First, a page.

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Sexual Assault Task Force Report Opens Door to Concealed Carry on Campus


A report put out by a White House task force on sexual assault on campuses, released in April, includes a sensible recommendation that could bridge partisan divides on how to protect students from assailants. But it’s unlikely President Obama or his task force even recognized it – or would embrace it if they understood the implications.

Halfway through the report, the task force recommends “bystander intervention” – teaching those who witness a potential incident “to intervene if someone is at risk of being assaulted.” That’s a variant of the “good Samaritan” policy that some schools already practice, which encourages students to aid in potentially dangerous situations, such as a friend’s intoxication, by granting immunity to the student who reports it.

Colleges can play a crucial role in enabling good Samaritans: They can expand concealed carry on campus.

There’s solid research underlying the safety benefits of a concealed-carry expansion. States with restrictive concealed-carry laws had “gun-related murder rates that were 10 percent higher” than those without, according to a paper published this year in Applied Economics Letters. Additionally, a Secret Service report on school shootings published in 2002 found that about one-third of school-based incidents were ended by school employees or students. Allowing an armed college populace could reduce sexual assaults and other crimes on campus.

Colorado State University’s decision to allow firearms on campus in 2003 provides one example of how concealed carry can transform safety on campus. Students for Concealed Carry, a group that advocates for the policy on college campuses, said the number of sexual assaults on that campus dropped from 40 in 2002 to just two in 2008.

Even critics of concealed carry are hard-pressed to show how it would worsen campus safety. In a column last year for ThinkProgress, a project of the liberal Center for American Progress Action Fund, Tara Culp-Pressler argued that because most assaults occur between two people who know each other, no one is going to shoot their friend. That begs the question: Should a student in that situation just let the assault happen?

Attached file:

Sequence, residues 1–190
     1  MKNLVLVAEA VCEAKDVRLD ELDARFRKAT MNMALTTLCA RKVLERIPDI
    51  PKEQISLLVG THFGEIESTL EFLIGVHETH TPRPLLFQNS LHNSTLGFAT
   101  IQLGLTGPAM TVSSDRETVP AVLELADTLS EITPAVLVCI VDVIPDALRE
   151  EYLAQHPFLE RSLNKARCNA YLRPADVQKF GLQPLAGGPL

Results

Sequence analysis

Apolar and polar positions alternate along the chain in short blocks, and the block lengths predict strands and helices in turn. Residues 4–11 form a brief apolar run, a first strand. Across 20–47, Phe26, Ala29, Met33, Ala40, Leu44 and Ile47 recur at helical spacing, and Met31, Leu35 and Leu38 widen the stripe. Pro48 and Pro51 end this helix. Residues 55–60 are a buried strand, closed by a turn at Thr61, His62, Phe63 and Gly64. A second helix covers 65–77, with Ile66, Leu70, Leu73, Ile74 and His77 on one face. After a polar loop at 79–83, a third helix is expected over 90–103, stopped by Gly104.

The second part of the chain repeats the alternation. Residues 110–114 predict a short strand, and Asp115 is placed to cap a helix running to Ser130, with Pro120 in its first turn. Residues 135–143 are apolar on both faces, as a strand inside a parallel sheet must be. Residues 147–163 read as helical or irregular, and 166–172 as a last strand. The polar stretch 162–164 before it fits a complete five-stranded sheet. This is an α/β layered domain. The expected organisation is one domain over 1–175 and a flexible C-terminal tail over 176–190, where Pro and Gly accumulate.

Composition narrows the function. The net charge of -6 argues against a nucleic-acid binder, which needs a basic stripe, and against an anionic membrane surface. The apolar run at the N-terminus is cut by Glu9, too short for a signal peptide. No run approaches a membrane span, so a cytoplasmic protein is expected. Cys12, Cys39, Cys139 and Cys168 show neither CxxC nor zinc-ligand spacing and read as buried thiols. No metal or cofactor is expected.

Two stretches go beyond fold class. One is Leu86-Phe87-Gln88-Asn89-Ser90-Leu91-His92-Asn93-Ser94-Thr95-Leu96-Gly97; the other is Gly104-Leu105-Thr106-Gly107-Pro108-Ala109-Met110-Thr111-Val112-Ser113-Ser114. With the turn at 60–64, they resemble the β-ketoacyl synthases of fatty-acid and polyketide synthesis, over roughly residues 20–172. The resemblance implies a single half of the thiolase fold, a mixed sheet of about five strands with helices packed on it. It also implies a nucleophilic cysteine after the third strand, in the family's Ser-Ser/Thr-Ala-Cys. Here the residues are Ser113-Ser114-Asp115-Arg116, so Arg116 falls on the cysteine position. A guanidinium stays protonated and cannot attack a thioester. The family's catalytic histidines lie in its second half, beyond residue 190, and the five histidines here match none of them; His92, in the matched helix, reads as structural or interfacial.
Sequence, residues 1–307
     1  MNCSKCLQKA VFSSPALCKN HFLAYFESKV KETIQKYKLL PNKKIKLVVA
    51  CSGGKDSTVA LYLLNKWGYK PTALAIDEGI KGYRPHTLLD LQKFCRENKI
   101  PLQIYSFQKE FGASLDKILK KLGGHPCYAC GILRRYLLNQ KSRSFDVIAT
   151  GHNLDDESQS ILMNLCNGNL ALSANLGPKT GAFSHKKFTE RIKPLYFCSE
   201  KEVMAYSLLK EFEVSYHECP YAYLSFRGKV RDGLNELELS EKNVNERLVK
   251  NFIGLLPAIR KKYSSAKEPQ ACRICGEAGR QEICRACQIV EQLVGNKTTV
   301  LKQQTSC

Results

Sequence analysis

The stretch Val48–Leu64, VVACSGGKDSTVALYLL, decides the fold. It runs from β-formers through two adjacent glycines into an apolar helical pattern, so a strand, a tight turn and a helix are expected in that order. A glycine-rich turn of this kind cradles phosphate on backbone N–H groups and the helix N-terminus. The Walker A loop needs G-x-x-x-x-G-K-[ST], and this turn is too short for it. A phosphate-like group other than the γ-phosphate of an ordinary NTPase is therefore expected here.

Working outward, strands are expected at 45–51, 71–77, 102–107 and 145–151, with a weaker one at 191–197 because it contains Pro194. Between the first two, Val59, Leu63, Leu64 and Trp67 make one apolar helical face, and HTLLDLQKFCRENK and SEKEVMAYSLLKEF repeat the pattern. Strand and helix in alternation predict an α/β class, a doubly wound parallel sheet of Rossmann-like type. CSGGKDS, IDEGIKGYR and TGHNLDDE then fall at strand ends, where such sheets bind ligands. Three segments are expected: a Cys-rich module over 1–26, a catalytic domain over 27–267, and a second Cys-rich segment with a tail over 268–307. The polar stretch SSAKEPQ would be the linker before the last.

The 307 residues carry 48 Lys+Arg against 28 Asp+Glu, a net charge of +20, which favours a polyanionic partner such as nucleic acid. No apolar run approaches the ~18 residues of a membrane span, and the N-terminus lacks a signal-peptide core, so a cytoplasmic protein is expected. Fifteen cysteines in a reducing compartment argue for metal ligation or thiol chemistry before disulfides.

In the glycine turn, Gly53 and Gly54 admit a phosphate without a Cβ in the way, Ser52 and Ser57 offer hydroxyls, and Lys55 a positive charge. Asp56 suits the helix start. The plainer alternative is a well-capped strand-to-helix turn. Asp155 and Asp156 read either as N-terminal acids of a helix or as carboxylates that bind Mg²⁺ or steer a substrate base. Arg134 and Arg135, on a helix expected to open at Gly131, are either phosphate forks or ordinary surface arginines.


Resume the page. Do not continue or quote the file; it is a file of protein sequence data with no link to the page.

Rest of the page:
Allowing students to carry guns would reduce assaults by both discouraging potential assaults and ending assaults when they occur. An assailant who knows someone is carrying or might be carrying – a potential victim or a bystander — will think twice before trying to assault a student walking back to her apartment late at night, or a student walking to work early in the morning.

An armed bystander who can safely intervene in an attempted assault and, if need be, shoot the assailant so the victim can escape, is a powerful deterrent against sexual assault. If President Obama is sincere about fighting this problem, which is as serious as any facing college students, he should encourage his fellow Democrats at the state level to repeal prohibitions on concealed carry on college campuses.

College Fix contributor Matt Lamb is a student at Loyola University-Chicago.

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